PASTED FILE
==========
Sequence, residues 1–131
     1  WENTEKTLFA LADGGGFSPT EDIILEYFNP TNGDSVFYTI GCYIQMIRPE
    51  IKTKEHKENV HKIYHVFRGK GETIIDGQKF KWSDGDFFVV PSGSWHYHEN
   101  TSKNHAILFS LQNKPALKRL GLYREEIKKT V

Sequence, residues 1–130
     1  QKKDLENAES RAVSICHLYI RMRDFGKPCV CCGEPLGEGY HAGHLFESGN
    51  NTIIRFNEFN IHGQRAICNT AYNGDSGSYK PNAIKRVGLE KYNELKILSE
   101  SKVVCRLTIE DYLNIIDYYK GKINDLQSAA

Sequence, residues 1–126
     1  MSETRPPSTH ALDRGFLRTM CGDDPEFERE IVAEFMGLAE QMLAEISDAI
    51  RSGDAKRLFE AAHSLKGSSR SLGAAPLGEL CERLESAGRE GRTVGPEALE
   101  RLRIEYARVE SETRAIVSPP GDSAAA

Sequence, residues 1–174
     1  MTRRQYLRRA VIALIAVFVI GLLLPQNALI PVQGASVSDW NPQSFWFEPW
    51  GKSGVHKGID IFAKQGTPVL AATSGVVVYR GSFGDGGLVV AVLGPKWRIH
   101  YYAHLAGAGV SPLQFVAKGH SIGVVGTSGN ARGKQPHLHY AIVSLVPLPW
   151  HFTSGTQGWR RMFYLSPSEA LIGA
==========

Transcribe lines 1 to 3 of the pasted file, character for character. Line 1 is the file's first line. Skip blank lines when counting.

Sequence, residues 1–131
     1  WENTEKTLFA LADGGGFSPT EDIILEYFNP TNGDSVFYTI GCYIQMIRPE
    51  IKTKEHKENV HKIYHVFRGK GETIIDGQKF KWSDGDFFVV PSGSWHYHEN